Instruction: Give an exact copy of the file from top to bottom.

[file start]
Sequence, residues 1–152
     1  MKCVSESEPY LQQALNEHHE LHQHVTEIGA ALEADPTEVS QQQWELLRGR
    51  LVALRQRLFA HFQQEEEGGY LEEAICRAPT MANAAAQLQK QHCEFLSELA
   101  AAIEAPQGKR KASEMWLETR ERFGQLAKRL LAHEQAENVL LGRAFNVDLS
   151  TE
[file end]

Sequence, residues 1–152
     1  MKCVSESEPY LQQALNEHHE LHQHVTEIGA ALEADPTEVS QQQWELLRGR
    51  LVALRQRLFA HFQQEEEGGY LEEAICRAPT MANAAAQLQK QHCEFLSELA
   101  AAIEAPQGKR KASEMWLETR ERFGQLAKRL LAHEQAENVL LGRAFNVDLS
   151  TE